3.35pm BST

Several prominent lawmakers participated in an NBC News photo essay on the aftermath of the Capitol insurrection, which took place 100 days ago.

Senate majority leader Chuck Schumer, House speaker Nancy Pelosi and Republican Senator Mitt Romney were among those interviewed for the piece.

I hope that I and others who come to the U.S. Capitol will remember that when we succumb to untruths as a nation, that it can lead to violence and even death as it did on January 6th. https://t.co/wuWkCCmcnO

3.17pm BST

Three months after an insurrection at the US capitol, an estimated 50 million Republicans still believe the false claim that the 2020 election was stolen from Donald Trump, according to a recent national survey. But it’s far from clear how many Americans might still be willing to take violent action in support of that belief.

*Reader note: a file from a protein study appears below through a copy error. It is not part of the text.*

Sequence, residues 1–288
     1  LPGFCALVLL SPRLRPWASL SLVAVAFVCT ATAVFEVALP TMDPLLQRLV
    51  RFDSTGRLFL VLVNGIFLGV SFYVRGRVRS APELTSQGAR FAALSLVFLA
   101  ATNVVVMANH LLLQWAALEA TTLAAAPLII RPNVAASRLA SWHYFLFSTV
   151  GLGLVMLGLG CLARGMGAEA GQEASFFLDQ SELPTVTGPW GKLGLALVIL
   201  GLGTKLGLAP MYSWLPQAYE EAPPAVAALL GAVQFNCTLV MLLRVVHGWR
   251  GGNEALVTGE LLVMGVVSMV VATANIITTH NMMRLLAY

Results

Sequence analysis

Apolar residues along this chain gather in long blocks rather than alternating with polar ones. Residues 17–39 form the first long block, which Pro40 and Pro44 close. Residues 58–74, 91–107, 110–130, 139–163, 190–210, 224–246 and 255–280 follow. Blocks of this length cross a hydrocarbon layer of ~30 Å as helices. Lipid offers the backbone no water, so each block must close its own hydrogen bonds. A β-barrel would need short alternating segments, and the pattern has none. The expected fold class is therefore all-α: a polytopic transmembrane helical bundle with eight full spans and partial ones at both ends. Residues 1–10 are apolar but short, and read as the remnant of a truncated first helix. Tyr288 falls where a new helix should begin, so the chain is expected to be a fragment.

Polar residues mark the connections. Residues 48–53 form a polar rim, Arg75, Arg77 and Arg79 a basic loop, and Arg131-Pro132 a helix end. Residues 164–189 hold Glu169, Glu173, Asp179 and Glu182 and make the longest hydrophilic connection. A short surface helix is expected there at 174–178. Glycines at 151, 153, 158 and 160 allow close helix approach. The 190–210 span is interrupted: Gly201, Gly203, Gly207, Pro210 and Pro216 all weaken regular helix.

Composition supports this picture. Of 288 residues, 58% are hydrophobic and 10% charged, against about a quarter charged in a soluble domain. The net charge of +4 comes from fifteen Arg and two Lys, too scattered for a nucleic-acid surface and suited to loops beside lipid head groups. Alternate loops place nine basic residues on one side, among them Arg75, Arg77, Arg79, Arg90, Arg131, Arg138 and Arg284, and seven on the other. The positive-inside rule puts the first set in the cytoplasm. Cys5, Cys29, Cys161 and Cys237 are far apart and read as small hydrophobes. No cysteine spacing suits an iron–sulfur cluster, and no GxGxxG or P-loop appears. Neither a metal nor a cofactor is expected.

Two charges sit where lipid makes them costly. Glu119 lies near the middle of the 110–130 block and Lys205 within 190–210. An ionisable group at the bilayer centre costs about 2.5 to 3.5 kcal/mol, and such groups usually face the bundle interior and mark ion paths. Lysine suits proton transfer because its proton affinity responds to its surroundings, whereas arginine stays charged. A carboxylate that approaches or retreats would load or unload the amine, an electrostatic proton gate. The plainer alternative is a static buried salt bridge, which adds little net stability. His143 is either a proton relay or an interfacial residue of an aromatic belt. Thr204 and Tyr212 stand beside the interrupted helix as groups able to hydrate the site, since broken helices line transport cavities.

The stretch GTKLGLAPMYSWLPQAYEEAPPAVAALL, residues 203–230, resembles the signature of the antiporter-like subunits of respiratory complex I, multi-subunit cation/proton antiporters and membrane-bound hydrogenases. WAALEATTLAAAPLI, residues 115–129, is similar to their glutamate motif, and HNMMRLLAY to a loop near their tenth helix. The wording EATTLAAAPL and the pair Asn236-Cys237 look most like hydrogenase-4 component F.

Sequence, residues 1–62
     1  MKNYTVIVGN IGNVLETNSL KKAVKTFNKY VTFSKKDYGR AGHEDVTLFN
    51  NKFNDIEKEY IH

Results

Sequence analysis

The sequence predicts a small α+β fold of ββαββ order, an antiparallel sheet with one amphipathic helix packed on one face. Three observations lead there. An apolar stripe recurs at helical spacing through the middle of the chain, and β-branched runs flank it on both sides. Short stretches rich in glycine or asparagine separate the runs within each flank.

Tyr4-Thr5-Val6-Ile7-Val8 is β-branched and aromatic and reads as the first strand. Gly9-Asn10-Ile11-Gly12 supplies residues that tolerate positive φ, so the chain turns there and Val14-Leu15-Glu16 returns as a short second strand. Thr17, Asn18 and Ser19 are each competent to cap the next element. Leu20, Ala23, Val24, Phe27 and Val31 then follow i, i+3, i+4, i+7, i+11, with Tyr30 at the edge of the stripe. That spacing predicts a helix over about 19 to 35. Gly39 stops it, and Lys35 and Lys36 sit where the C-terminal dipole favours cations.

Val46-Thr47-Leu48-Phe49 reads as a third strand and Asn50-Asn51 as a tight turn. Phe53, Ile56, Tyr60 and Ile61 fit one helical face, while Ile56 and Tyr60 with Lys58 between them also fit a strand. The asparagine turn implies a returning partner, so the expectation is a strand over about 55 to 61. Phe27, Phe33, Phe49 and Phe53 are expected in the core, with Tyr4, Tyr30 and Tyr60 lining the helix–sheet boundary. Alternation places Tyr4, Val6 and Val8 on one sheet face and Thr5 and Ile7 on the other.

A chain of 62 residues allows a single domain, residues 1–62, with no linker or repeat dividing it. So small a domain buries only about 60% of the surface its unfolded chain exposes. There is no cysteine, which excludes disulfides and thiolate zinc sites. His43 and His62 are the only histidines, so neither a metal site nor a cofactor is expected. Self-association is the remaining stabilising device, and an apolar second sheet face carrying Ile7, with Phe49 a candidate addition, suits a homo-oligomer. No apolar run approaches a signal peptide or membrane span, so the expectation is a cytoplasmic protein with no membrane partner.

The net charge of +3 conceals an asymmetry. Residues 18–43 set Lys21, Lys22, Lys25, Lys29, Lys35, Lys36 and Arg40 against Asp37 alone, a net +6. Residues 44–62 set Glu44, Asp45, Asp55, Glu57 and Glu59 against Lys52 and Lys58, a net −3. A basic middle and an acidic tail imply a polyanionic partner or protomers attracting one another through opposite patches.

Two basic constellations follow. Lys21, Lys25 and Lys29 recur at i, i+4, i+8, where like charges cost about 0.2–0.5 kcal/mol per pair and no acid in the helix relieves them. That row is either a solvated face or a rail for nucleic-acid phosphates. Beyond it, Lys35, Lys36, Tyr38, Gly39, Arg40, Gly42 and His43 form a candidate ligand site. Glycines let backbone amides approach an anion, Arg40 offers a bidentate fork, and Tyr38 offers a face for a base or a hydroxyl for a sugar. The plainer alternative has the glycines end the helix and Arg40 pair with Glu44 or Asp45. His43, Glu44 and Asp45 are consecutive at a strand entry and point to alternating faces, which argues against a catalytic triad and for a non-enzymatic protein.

Early research on the continued risk of violence related to Trump’s “big lie” has produced a wide variety of findings. One political scientist at the University of Chicago estimated, based on a single national survey in March, that the current size of an ongoing “insurrectionist movement” in the US might be as large as 4% of American adults, or about 10 million people.

Related: Millions of Americans think the election was stolen. How worried should we be about more violence?

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